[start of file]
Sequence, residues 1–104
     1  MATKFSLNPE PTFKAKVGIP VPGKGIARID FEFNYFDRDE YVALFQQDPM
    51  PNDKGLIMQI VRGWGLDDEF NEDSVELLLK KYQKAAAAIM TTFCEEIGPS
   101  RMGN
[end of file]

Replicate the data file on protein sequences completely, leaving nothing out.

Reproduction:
Sequence, residues 1–104
     1  MATKFSLNPE PTFKAKVGIP VPGKGIARID FEFNYFDRDE YVALFQQDPM
    51  PNDKGLIMQI VRGWGLDDEF NEDSVELLLK KYQKAAAAIM TTFCEEIGPS
   101  RMGN